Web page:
Officer’s Log: Hour 7, Day 176 of service, year 1
It is now the morning, I was able to get to sleep and I have just finished getting ready, and I will soon be off to see what useful information I can provide to whatever discussion the scientist wants to have about his dinosaurs and their home.
Minutes of meeting: Hours 8.5 to 11.5….
Councilor Marwen presiding. A scientist, one Dr. Maxwell Stamatoyannopoulos, had brought Flight Lt. [name redacted] with him to our meeting to discuss where it is that he could find home for what appeared to be potentially dangerous dinosaurs that he had with him in several cargo ships. Feeling that this would be a delicate matter, and being a bit irritated that someone so low ranking as a mere Flight Lieutenant should be seen as a worthwhile person to getting this business accomplished, I asked that the meeting be a private executive session and it was granted without demur. It quickly became obvious that the young office who was here had been the one to inform us of the arrival of the squadron and it was also made clear that this person had a family connection to the business, because a grandfather of his, one of the late and lamented people whose suffering led to our exile to this place, had been an early invitee to the place where these dinosaurs had their home on earth, and that the dinosaurs had somehow recognized him as friend. I am not used to lizards being intelligent enough to recognize friends from foes, but as it set the scientist at ease, I felt that the young officer’s presence as useful in delicate business, and he did not appear to be the sort of person who would use such favor as he had received to push himself forward as is the manner of some, but was instead a conscientious person who I thought worth putting at ease myself, seeing as he was not guilty of any effrontery.
During the course of the evening we had gotten word back from the other bases that there was no substantial amount of greenhouse space in any of the minor planets here in the Belt that would allow for the comfort of so many dinosaurs as the professor had brought with them. He seemed to think that this might be the case and so he wondered if we would be able to spare someone who would be able to accompany him to what he thought would be a place where he could find a more permanent home. I asked him, rather delicately, where he thought this place would be, and he stated that he believed that there was some sort of gate located in Alpha Centauri that might allow him to find a safe place far away from the problems of earth. I was a bit surprised how it was that he knew such state secrets, but it appeared that this was a bit of a surprise to everyone in the room, so I figured that such investigations could afford to wait. It was at this point that I realized that the young officer could be useful, as he was himself a scout, if my personnel file on him was accurate. He mentioned that if it pleased the council that it would take a scout about nine or ten years of flying to and from, but that it could be done with a well-equipped scout vessel that was scanning the area closely and making sure that the path was well-set and scanned for debris and planets that one could use to speed one along the path, as well as an investigation of the supposed gate. I figured that this was well a good option, and had no doubt that the officer was thinking that he would be well-suited for the role, which I agreed seeing as he could probably be spared.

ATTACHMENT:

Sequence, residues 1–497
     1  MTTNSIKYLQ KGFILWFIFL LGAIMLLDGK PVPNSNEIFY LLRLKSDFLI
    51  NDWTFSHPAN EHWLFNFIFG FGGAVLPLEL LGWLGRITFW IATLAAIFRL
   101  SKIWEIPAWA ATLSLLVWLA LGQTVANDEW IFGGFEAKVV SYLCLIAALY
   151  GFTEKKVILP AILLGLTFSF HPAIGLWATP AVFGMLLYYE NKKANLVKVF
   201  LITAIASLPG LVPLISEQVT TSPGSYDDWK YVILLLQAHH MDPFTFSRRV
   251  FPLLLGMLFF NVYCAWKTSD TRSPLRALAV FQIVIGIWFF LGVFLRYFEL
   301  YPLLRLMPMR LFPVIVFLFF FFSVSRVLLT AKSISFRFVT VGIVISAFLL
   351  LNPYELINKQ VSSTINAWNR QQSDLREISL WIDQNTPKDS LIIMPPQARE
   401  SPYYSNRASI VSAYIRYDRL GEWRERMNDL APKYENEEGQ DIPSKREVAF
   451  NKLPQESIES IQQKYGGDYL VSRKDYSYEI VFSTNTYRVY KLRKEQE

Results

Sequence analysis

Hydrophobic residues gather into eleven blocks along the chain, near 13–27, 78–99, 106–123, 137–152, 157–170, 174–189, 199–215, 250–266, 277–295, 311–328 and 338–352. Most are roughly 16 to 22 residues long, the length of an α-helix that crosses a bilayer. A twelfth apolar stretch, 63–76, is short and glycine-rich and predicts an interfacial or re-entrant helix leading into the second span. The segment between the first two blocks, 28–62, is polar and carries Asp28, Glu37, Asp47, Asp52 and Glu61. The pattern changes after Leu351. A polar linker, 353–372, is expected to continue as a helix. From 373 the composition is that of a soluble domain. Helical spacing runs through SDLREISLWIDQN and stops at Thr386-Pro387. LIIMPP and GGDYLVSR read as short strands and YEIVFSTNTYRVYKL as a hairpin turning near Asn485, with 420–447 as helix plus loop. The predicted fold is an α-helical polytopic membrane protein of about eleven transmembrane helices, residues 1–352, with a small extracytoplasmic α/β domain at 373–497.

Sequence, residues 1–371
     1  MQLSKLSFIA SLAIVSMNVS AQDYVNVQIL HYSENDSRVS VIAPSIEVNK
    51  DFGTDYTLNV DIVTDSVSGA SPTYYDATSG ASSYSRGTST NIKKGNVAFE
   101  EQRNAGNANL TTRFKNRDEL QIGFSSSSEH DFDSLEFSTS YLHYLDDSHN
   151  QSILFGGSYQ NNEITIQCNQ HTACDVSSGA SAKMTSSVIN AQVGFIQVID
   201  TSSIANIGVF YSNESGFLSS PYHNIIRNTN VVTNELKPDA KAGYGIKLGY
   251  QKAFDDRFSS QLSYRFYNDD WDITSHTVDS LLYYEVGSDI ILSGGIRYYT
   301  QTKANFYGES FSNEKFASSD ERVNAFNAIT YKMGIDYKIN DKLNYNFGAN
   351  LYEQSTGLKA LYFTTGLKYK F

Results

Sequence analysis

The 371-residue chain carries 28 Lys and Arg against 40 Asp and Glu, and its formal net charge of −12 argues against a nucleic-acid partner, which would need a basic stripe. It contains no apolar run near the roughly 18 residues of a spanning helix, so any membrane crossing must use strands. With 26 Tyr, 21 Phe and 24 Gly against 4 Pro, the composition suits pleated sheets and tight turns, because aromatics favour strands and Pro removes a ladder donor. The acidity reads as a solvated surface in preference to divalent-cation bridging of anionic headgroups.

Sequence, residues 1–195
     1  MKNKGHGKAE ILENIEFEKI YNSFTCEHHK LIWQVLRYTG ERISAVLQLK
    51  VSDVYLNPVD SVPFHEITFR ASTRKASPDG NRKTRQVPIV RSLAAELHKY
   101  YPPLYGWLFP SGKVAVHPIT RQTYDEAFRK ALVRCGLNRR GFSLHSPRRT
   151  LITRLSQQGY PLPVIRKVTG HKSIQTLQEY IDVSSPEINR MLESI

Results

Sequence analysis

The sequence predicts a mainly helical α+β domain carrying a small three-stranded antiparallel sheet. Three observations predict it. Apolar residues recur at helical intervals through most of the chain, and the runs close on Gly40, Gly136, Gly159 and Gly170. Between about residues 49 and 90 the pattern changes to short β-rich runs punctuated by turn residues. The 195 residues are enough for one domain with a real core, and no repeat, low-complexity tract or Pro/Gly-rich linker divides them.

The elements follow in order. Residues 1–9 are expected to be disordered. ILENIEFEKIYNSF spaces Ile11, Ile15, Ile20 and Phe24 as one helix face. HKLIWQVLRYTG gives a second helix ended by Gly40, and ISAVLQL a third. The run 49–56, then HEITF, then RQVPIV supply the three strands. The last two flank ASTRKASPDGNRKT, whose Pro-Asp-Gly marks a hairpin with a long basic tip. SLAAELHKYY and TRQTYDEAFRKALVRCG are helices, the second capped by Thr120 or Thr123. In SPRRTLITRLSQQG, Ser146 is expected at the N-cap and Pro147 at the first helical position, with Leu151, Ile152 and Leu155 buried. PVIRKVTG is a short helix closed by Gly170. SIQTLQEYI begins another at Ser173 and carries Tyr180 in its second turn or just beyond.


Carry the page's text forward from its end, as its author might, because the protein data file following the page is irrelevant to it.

Seeing a way to to tease him a bit and keep him on his toes, though, I asked him what he intended to do during the decade or so that he was away, and he mentioned that if the scout ship was well-equipped with reading materials that he could do some studies in various courses that would further his education and better equip him for diplomatic and executive functions. This was quite a surprise, for although he seemed to be a bit of a shy young man, he was clearly an intelligent one, and seemed to want to spend his time constructively, seeing as such a lengthy voyage would be deadly dull unless his mind was profitably occupied. The council agreed, saying that such a wise use of time would be highly appreciated and that we would make sure that if the round-trip voyage was a success that there would certainly be something in it when he returned. He seemed satisfied with this, and we were all impressed that someone would be willing to take these dinosaurs off our hands and to do so at so little cost and trouble to ourselves.
With that it seemed as if the business of the morning had been conducted, and that we would be free of the scientist and his dinosaurs without even having to incur ill will for rejecting his request for sanctuary within the Belt. I asked the young officer how soon he would be ready for his travel and he said that as soon as it was loaded with food supplies and prepared for scanning and scientific probes that he would be ready to go forthwith. The logistics officer on duty stated that such a thing could be done within the course of the afternoon, and that they could leave this evening, and that was acceptable to everyone. I asked the officer if he wanted anything else, and he said somewhat casually that he would appreciate having a wife to come home to. The council told him that if his mission was successful that there would indeed be a wife and a good job to come back to when he returned, and he seemed happy to hear that. I made a note to seek out which families would be willing to have as a son-in-law an explorer who was a friend of dinosaurs. Such a thing cannot be too difficult, right?